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Sarbanes-Oxley Act of 2002: Accounting Issues

Please complete the following questions:

1. What accounting issues does the Sarbanes-Oxley Act of 2002 address?
2. How do the act's provisions change the behavior of senior corporate executives and accounting professionals?
3. Do you think this is an effective solution or will it create additional paperwork? Explain.

Solution Preview

1. The Sarbanes Oxley Act of 2002 was created as a direct result of the accounting scandals that took place in 2001 and 2002. The scandals were so massive that we're still seeing the effects from corporate scandals like Enron and WorldCom. The act directly addressed the issue of corporate governance, and corporate responsibility. One of the main issues in the accounting scandals that took place was that the key executives claimed innocence (or some would say ignorance). The CEO and CFO claimed that they had no knowledge of the rampant fraud taking place in their companies, which was being committed primarily by other executives and company employees. The SOX Act of 2002 forces the CEO and CFO to both personally sign their names to the company's financial statements. The CEO and CFO can no longer claim that he or she didn't know that proper disclosures weren't being made in the notes to the financial statements, or that ...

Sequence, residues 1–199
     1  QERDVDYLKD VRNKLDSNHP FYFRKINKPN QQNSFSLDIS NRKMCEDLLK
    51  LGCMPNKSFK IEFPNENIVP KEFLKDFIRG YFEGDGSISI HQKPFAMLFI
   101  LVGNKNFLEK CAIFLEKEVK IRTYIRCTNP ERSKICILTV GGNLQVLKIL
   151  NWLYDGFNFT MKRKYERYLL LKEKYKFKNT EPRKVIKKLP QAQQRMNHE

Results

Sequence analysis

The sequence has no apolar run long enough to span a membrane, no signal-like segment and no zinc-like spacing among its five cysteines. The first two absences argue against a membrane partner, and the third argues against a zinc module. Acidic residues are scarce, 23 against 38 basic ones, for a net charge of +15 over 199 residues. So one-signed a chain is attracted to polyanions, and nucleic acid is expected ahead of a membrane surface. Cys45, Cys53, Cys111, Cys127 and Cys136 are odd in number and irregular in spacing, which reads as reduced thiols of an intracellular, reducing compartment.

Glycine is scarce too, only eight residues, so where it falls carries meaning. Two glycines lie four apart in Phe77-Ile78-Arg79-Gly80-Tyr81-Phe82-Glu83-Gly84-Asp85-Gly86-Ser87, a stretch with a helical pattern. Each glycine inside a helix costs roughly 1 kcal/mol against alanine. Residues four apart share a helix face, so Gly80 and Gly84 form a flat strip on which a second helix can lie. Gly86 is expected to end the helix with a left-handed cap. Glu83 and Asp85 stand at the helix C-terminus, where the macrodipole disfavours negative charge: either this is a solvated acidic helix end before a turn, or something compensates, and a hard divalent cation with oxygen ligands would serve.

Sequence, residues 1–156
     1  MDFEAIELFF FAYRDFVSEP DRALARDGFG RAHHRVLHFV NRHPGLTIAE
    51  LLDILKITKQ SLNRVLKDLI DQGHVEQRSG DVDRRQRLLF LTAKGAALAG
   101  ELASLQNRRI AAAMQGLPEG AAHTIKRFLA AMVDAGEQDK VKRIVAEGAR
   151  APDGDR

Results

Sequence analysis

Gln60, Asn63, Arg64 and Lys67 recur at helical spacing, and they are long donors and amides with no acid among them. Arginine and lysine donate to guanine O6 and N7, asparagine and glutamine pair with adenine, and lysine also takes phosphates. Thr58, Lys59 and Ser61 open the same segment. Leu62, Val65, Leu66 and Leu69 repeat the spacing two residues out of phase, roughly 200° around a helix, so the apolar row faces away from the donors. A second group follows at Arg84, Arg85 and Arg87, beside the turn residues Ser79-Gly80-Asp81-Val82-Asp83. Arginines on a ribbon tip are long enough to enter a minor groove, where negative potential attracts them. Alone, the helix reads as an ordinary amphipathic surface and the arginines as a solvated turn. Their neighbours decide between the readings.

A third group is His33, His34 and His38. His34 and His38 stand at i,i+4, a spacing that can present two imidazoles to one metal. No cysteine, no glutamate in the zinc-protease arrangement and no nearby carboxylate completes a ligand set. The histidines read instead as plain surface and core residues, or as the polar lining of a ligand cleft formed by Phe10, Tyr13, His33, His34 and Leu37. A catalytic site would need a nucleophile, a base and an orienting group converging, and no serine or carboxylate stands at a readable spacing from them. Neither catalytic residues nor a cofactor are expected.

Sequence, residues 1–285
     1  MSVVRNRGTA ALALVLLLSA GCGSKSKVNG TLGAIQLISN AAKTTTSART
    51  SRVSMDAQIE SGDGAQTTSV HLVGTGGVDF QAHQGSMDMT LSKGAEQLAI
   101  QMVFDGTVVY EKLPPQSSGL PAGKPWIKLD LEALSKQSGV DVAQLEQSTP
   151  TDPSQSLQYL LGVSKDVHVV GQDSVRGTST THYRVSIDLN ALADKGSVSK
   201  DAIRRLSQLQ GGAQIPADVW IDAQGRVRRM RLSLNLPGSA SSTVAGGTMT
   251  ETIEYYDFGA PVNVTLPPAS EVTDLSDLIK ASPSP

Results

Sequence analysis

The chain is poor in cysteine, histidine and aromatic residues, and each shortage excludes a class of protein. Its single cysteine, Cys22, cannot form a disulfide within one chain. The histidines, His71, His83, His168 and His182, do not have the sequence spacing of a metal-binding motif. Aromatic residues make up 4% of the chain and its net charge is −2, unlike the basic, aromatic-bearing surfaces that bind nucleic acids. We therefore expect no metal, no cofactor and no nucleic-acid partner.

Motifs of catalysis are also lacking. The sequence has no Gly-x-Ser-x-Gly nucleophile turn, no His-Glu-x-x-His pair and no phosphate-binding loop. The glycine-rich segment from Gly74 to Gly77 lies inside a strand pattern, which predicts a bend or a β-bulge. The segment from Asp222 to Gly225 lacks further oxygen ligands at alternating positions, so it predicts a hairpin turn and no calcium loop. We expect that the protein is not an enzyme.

Solution Summary

This response clearly outlines the reasoning for the creation of the Sarbanes-Oxley Act of 2002 and illustrates how this act changed the way accounting was practiced in the business world. This response is just under 600 words in length.

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